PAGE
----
Posts Tagged ‘public park’


Jogging Paths in Puebla

Tuesday, May 25th, 2010

The primary jogging path in Parque del Arte is a metric mile.Finding safe places to run in unfamiliar city can be challenging, particularly if you dislike treadmills and don’t want to wear neon or stop every few blocks to consult a map. Visitors to Puebla may find themselves further frustrated by the uneven, often nonexistent sidewalks and by unsympathetic drivers who generally disregard pedestrian traffic. Forget to look both ways before crossing a street and you might get run over. Fortunately, the area offers several secure, well-maintained public places to jog, or power walk, or do that half-marathon training that you swore you’d somehow manage to fit in while on vacation.

Ecoparque Metropolitano. Vía Atlixcáyotl, next to the Tec de Monterrey campus, San Andrés Cholula. This urban respite provides access to a cushy new 5.2-kilometer jogging trail made from recycled tires that runs alongside the Atoyac River between boulevards Niño Poblano and De Las Torres. You may have to share the park’s main paths with bicycles in some areas. Ecoparque Metropolitano is also dog-friendly (for owners who keep their pooches on a leash and pick up after them). Parking costs MX$10.

Jardín del Arte. Boulevard del Niño Poblano at Sirio. This recently updgraded 32-acre park near the Siglo XXI cultural complex is frequented by active folks who live and work on the west side of town. Jardín del Arte has two soft soil running paths, the longer of which (1 metric mile) circles the perimeter of the park, and a standard track. Soccer fields attract local teams, and a manmade lagoon lures ducks and other fowl, including a pair of peacocks. On-site parking costs MX$15, or you may access the area via the elevated Parque Lineal.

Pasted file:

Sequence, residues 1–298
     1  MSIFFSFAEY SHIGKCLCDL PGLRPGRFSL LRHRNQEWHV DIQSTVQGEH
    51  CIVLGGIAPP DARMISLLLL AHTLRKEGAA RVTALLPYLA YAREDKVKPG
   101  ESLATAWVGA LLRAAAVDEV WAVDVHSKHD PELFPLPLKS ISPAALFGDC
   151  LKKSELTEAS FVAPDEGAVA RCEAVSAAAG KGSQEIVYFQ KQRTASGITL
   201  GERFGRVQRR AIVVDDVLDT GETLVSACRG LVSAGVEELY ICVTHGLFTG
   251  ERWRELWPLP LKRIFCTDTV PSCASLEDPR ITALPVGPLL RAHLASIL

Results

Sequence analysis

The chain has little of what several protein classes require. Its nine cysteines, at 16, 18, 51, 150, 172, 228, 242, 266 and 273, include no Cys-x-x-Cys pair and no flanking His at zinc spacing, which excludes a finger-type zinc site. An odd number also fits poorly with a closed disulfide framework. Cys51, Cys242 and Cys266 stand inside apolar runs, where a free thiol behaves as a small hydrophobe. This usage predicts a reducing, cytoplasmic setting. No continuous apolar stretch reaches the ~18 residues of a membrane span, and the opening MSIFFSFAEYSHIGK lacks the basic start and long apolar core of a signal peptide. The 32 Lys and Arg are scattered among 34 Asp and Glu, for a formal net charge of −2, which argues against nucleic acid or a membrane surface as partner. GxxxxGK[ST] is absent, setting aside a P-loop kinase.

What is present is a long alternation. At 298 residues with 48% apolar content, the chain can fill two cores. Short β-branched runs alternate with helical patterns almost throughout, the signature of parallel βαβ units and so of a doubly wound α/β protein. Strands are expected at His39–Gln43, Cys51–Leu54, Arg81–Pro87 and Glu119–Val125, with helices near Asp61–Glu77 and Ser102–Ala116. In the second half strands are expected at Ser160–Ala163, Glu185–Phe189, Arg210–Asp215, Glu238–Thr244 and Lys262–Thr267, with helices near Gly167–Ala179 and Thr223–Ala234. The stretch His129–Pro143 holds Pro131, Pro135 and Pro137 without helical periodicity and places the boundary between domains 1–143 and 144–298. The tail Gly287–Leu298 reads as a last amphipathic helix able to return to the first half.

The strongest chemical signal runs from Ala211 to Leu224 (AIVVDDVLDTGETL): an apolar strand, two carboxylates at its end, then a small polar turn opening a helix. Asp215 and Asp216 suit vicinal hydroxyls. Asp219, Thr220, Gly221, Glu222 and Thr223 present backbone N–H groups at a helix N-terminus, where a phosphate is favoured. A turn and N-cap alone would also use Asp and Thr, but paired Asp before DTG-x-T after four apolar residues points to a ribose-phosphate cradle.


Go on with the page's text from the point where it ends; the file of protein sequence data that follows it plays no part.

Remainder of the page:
Parque Ecologico Revolución Mexicana. 19 Oriente at 24 Sur. Located just east of downtown, Parque Ecologico is probably the most convenient running destination if you’re staying downtown. The 143-acre ecological park features a 3-kilometer path of soft soil, plus a soccer field and volleyball and basketball courts. Post-workout, visitors may also want to check out the aviary (home to 50 species of birds), take the kids to the jungle gym, or go for a boat ride on the lake. Parking costs MX$10.

Cholula pyramid. 3 Norte at 4 Poniente, San Andrés Cholula. For shorter training sessions, such as speed intervals and hill work, head for the 400-meter track next to the archaeological site in Cholula and the path leading up to the pyramid. “For any athlete, it’s a challenging climb to the top,” notes Camilo Aguilera in Intolerancia magazine, which recommends it as one of the best places in the area to run. The track is open from roughly 7 a.m. to noon and 4 to 7 p.m. daily. Admission is free.

Visitors who are tempted to simply head out the door of their hotel for a jog should do so with caution.

Drivers in Puebla are highly unpredictable (traffic signals are often regarded as mere suggestions), which makes pounding the pavement a risky proposition, especially if you’re trying out a new route or listening to music. “This is not a very running- or cycling-friendly city; car culture is very strong here,” says Oriol Sierra, a long-distance runner who lives downtown. On the bright side, “given its altitude [7,000 ft.], it’s an excellent place to train. There is also a good running community in Puebla, and there are many running events on weekends.”

Sierra, who ran the Puebla half marathon in 2008 and the Mexico City marathon in 2009, graciously provided the links above to a few of his training runs, which include maps, elevation, and other data. To find out about upcoming local races, he recommends checking with AS Deporte and Emocion Deportiva (available only in Spanish).

—Rebecca Smith Hurd

Post updated Aug. 4, 2013.

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